Otherwise, the scale would be in Pa or Mbar, not feet and metres.
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Old 13th Sep 2011, 17:59
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Mad (Flt) Scientist and Lightning Mate,

The FDR data file shows that the radalt and the pressure agree very well while the plane is flying at 310 knots at 2500 feet. This was shown by adding the radalt to the ground elevation at each position report and using the known local baro and temp to calculate true altitude. As the plane descends and picks up speed the two diverge, with the pressure indicating a higher altitude than the radalt. The difference between them was about 120 feet at the end of the file. This is quite a big discrepancy.

Some pilots have been telling me that the altimeter is more accurate than radalt. I am looking for Boeing's data to refute them.
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Old 13th Sep 2011, 18:20
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Hmm.. Having no idea about the reasons for it I can report that my 737 happily calls 'twenty-five hundred' at 2300ft on the altimeter when coming in for landing over the sea... I guess it would be interesting to look at the accuracy of the RA as advertised by the manufacturer?
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Old 13th Sep 2011, 18:31
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That is exactly why you should use your pressure altimeter at altitude and your radalt for ground proximity at low altitude.

Horses for courses.
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Old 13th Sep 2011, 18:46
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Originally Posted by gravity32 View Post
Some pilots have been telling me that the altimeter is more accurate than radalt. I am looking for Boeing's data to refute them.
Its a meaningless statement so other than by logic its not refutable.

Radalt measures distance to an object giving a radar return.

Altimeter uses pressure data to infer height above a reference datum.

You really can't compare the two. they aren't even really measuring the same thing. Depending on what you actually want to know, either may be better/"more accurate".
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Old 13th Sep 2011, 21:55
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a Boeing 757, was travelling at very high speed at low altitude
... another 9/11 conspiracy thing, then .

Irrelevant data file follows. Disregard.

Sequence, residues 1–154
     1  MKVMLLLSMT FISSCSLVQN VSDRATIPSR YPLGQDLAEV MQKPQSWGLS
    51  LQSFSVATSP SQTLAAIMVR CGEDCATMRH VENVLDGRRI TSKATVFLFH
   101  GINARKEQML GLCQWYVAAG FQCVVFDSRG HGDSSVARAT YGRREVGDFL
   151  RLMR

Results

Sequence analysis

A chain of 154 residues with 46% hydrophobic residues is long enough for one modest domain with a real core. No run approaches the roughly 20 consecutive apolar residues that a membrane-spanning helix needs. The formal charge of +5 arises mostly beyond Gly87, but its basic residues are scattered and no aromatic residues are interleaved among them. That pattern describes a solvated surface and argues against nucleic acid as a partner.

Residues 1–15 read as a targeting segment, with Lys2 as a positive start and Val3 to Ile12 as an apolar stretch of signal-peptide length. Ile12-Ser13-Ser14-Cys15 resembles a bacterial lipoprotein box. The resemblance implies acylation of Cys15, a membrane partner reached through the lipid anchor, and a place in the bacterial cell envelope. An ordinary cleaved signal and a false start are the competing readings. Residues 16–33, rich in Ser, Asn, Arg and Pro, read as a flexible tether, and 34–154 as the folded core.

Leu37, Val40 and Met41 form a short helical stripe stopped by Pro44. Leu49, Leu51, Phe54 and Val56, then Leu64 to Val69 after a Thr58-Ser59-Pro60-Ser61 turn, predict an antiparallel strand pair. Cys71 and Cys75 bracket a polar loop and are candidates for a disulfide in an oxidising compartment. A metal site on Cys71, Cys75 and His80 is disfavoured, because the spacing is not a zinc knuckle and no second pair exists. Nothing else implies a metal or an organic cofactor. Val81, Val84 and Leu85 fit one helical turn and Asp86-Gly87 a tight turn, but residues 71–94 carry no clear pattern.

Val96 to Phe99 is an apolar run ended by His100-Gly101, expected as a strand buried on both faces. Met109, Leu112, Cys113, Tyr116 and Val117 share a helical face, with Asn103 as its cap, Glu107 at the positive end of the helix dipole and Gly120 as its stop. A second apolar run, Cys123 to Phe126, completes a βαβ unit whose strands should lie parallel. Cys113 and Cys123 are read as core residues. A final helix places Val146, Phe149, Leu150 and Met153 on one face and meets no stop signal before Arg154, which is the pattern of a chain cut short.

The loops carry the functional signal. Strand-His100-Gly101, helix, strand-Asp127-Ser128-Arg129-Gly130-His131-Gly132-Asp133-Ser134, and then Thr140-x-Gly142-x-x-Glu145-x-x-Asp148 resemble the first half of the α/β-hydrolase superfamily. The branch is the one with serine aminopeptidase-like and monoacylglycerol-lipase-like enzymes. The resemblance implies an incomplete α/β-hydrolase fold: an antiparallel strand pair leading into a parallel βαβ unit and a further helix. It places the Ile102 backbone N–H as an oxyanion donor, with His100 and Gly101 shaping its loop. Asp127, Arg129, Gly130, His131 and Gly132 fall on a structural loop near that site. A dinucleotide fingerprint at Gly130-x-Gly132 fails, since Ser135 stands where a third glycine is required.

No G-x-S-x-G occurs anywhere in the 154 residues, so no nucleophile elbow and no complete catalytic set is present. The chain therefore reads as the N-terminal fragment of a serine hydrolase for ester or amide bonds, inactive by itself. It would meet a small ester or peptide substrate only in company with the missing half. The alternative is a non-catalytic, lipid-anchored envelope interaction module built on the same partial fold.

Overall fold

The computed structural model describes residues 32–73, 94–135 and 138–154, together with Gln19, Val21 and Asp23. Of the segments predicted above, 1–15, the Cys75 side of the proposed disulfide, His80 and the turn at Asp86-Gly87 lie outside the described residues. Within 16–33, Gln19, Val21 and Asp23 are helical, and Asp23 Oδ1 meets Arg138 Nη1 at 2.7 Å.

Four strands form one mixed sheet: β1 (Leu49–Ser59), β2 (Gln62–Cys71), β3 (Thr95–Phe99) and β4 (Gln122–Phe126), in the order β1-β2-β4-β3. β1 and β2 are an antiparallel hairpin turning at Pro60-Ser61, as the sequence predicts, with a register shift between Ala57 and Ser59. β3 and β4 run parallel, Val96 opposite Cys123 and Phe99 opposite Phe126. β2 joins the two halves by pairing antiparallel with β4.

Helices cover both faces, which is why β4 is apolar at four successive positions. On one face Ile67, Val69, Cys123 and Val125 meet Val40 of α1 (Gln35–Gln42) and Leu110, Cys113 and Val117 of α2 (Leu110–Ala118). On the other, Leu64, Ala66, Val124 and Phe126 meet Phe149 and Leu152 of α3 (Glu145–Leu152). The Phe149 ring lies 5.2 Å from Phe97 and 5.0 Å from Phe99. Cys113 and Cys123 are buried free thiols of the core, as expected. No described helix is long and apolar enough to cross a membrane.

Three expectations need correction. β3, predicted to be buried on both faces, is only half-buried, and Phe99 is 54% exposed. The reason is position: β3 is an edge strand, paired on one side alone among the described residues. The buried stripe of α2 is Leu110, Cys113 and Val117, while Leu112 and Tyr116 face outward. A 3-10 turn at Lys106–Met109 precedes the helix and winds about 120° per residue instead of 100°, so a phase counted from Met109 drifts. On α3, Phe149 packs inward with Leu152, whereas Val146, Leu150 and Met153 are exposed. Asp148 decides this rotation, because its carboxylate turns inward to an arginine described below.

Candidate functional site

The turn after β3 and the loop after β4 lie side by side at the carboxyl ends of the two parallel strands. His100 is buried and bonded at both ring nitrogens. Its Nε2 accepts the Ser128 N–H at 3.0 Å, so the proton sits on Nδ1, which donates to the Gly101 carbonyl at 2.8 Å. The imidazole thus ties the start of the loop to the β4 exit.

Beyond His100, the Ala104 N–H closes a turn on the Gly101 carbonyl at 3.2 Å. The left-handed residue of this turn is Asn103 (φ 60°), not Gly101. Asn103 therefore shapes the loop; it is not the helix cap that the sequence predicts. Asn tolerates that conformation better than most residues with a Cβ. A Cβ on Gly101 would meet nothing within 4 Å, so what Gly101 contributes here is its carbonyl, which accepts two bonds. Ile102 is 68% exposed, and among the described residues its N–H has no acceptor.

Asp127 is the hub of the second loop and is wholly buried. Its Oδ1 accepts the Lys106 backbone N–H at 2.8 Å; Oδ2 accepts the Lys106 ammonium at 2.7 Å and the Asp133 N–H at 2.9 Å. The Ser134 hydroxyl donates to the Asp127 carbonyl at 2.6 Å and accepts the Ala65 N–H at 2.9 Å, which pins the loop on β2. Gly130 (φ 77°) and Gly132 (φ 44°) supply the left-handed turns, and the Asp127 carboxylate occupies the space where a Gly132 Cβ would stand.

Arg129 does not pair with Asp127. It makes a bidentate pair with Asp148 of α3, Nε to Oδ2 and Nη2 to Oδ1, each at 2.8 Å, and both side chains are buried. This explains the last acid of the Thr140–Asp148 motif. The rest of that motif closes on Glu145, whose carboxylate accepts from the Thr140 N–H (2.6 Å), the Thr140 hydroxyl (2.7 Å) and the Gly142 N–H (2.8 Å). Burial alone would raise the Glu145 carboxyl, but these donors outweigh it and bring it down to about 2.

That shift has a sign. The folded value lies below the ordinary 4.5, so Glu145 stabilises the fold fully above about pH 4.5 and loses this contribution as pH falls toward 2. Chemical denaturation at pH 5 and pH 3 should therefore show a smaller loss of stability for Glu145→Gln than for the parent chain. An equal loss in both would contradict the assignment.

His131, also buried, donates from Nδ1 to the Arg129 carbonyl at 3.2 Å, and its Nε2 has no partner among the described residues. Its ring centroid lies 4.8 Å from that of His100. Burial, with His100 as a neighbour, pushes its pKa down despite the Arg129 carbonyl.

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Old 13th Sep 2011, 23:10
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If you have access to the FDR readout for analysis then, ergo, your involvement is such that you will have direct access to the relevant P/N AFM.

Something doesn't make a lot of sense here, methinks ?
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Old 14th Sep 2011, 01:50
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STBYRUD,
Apparently you are getting an 8% error in your radalt. That seems excessive. Don't manufacturers quote 2 or 3 % max? That error would diminish as you descend, as manufacturers quote a max error of 1 foot on the ground. In the FDR file in question the error does not diminish, it increasess as the plane descends, so does not seem to be due to radalt error.

Checkboard,
Yes, this is about flight AA77 which went into the Pentagon. The pilots who are saying the altimeter is more accurate than the radalt are trying to make the case that the plane flew over the Pentagon and that the damage was done by other means, thereby casting suspicion on the authorities. The pilots have an effective website and have convinced a lot of people, which I find pretty annoying.

john_tullamarine,
No, the FDR file was released to the public by the NTSB. Anyone can get it. What seems to be hard to get is the altimeter calibration data.
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Old 14th Sep 2011, 02:18
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@gravity32

Trying to convince a 9/11truther (or whatever they are0 is like trying to convince any other believer. The best you can hope for is to remove a piece of evidence, but you'll almost never shake their belief.

if you did manage to produce a convincing argument to show that, for example, Boeing has altimeter calibration charts above Vmo which demonstrate that the altimeter was overreading, they'd just turn round and say something like "how convenient that NOW this is available to aid in the cover up".

Unless you like tilting at windmills ....
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Old 14th Sep 2011, 03:28
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Mad (Flt) Scientist,
This is not about tilting at windmills. You are no doubt right that it will be impossible to persuade these pilots that they are wrong, but it will be possible to reduce their influence with the public by proving that these pilots are wrong. This can be done by publishing the proof. The proof must be available in the Boeing calibration data. That is what I would like help to locate, as a public service.